Big puff ball clouds cross the deep blue sky on a warm late summers day in the Big Hill Springs area of Alberta in Canada. Shot with a Canon 17-40 lens and a polarizing filter.


alberta, big hill springs, clouds, crops, farm, fields, prairie, skies

Photographing the magnificent Canadian Rockies and the Prairie of Western Canada.

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  • Evan Ludes
    Evan Ludesover 3 years ago

    Wonderful shot! Almost feels 3-dimensional, I love how the cloud seems to large and looming.

  • Thank you Evan, I appreciate your comments.

    – Michael Collier

  • Barbara  Brown
    Barbara Brownover 3 years ago

    A lovely image!

  • Thank you Barbara.

    – Michael Collier

  • Vickie Emms
    Vickie Emmsover 3 years ago

    this is very beautiful, I love the effect of the polarizing filter. I wish I could used to mine. The composition is A1 in this image

  • Thank you very much Vickie. I am not sure from your comment if you are having trouble with you filter, or would like to get one.

    – Michael Collier

  • Victoria Jostes
    Victoria Jostesover 3 years ago

    simply superb. crisp, colorful, clear – couldn’t ask for more. you live in a most beautiful country, my friend!

  • Thank you Victoria.

    – Michael Collier

  • Roxanne Persson
    Roxanne Perssonover 3 years ago

    Magnificent! I saw this in the Alberta Group….glad I did, your work is amazing! Welcome to Redbubble :)

  • Michael Collier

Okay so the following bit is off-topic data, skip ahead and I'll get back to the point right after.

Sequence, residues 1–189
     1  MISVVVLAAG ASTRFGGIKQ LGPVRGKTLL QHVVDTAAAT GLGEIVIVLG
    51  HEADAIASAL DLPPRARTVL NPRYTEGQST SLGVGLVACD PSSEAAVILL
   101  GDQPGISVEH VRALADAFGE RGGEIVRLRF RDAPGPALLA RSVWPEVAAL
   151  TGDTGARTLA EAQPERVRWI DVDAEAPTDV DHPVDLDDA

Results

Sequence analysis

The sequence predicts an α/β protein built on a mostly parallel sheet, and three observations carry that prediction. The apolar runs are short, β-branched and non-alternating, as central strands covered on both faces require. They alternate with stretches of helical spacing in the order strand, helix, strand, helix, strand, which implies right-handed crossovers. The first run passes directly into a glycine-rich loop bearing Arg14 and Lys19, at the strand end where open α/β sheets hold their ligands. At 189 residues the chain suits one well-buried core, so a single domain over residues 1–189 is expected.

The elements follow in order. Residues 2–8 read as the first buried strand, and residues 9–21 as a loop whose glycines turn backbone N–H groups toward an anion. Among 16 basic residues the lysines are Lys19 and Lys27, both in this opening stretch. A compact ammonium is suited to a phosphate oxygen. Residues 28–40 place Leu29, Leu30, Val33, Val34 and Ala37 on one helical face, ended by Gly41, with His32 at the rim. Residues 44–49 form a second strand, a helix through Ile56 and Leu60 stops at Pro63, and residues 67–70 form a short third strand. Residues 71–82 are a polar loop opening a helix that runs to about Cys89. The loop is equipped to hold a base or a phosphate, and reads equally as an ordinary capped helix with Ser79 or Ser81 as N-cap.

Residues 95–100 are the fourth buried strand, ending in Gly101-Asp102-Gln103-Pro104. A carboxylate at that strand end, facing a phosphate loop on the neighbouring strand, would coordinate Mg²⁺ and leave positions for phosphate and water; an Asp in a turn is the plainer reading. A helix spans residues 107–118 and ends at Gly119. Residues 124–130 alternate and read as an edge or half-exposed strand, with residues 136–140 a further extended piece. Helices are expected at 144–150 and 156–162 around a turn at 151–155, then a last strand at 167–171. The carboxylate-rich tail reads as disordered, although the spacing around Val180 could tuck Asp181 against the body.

Michael Collierover 3 years ago

    Thank you Roxanne, I appreciate your comments.

  • Vickie Emms
    Vickie Emmsover 3 years ago

    I have a polarizing filter for my 150-500 Sigma and I’ve never given it much of a chance I guess, but I would love it to do what it’s supposed to do, as in your photo here.

  • Vicky, I assume it’s a circular polarizing filter (it screws into the end of the lens). If you line up your shot, then turn the filter clockwise until you see the sky darken and the colors enhance. If they won’t it is because you are at the wrong angle to the sun at that time of day. You can verify this by pointing your camera in a different direction and try it again. You will probably find it does what it’s supposed to do. Not much you can do about it except return to the same place at a different time of day when the sun will be in the right place. Another option is scope out a different angle and location to shoot the same scene, you might luck out and find a good spot where the polarizer will do it’s thing.

    – Michael Collier

  • Vickie Emms
    Vickie Emmsover 3 years ago

    many, many thanks MF,,,,,,I will certainly try that. It helps to talk to someone over reading those little instructional booklets :-))

  • GeoffSporne
    GeoffSporneover 3 years ago

    Good composition and detail

  • Thank you Geoff.

    – Michael Collier

  • Linda  Makiej
    Linda Makiejover 3 years ago

    Beautiful work here!!

  • Thank you very much Linda.

    – Michael Collier

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